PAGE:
Autism: Talking about sex

Excerpt from: A REGULAR GUY : GROWING UP WITH AUTISM The morning of May 22, 2006, I set my alarm for 4 a.m. I wanted to be the first one to wish Matthew a happy birthday. He was in a college program year at Camphill Soltane near Philadelphia. Matthew answered the house telephone on the first ring. He knew I would call. “Matthew!” I said. “You’re 20! Can you believe it?” “Yes,” he responded flatly. “But Mom? I have something very important to ask you. I’ve been thinking about Amy. Can … [Read more...]

A Great Loss

Mom with newborn Matthew

An excerpt from A Regular Guy: Growing Up With Autism “Grandma, I don’t like you to wear that,” Matthew said, standing in the doorway of my parents’ bedroom. He was referring to the plastic tube that cradled Mom’s face, pushing oxygen through her nose. It was the last day of August 2002, just before Matthew was to return to Camphill for his second year. “Matthew, you can come over and sit next to me. I’ll show you how this works.” He plopped onto the bed next to my mom and listened as … [Read more...]

Finding Help

An excerpt from A REGULAR GUY: GROWING UP WITH AUTISM It was after a public anxiety attack at California Pizza Kitchen, where our family of five was celebrating my birthday about a week after the babysitting fiasco, that I came to the inevitable conclusion: I needed to find my own therapist. That night, Peter and I had just suffered through a particularly grueling meeting at Matthew’s school, where he was now in the fourth grade. One of the behavior specialists had come up with the idea of … [Read more...]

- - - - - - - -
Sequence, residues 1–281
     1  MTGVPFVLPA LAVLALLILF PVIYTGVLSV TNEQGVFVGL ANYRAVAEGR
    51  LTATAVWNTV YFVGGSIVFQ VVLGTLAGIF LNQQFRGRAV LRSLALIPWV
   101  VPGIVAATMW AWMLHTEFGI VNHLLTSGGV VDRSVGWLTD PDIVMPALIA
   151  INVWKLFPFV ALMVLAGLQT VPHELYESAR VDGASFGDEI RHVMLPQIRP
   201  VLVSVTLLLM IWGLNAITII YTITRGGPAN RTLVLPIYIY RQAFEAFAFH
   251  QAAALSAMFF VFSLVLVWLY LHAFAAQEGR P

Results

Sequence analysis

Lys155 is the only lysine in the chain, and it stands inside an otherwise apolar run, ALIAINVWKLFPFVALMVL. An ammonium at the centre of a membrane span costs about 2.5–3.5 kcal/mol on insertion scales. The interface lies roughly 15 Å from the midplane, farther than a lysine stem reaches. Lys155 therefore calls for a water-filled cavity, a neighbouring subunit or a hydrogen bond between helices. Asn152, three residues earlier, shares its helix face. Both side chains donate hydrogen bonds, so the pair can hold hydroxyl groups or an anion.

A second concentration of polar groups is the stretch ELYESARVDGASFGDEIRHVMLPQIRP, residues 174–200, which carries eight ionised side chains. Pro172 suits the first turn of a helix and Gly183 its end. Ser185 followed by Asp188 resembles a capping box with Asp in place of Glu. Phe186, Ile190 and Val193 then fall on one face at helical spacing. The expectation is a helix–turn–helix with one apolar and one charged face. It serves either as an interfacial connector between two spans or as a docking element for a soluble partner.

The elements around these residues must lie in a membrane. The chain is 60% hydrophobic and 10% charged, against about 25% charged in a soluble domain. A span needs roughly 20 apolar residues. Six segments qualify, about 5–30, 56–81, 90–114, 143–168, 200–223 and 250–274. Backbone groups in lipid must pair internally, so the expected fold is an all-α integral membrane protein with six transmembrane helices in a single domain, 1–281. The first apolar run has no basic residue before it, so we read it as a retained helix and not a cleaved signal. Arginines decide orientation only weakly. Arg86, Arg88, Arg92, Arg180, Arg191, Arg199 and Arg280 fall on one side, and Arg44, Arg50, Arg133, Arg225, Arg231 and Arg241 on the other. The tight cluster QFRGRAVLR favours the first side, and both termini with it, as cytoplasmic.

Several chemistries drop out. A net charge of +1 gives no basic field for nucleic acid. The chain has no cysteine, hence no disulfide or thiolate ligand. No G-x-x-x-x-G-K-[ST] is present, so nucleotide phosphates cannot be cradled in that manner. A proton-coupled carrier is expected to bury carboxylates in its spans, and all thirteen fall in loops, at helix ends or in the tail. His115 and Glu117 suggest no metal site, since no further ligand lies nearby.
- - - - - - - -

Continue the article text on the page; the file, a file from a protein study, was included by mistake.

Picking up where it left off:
an excerpt from A REGULAR GUY: GROWING UP WITH AUTISM Matthew was always in the same spot when I came to pick him up from Merriewood preschool, shoving pieces of tan bark from the play area through the chicken-wire gate at the school entrance. No matter what the weather, his handsome face and blond bangs peeked out from his blue corduroy hooded jacket, and his rosy mouth curved in a slight smile. He was always alone. “Someone has been looking for you,” Gretchen would say, and … [Read more...]

Autism: How I defused a scary meltdown unscathed

Our family was having dinner one Sunday evening when Matthew, who has autism, became distressed because his potatoes were touching his meat. My husband Peter, who was tired after pruning trees all day, told Matthew in a loud voice "Don't be ridiculous, just eat your dinner." Matthew yelled no, that he was the boss of his food, and picked up his plate and threw it across the room. Peter was ready to lunge out of his chair in anger, as were Matthews two younger brothers, but instead they stayed … [Read more...]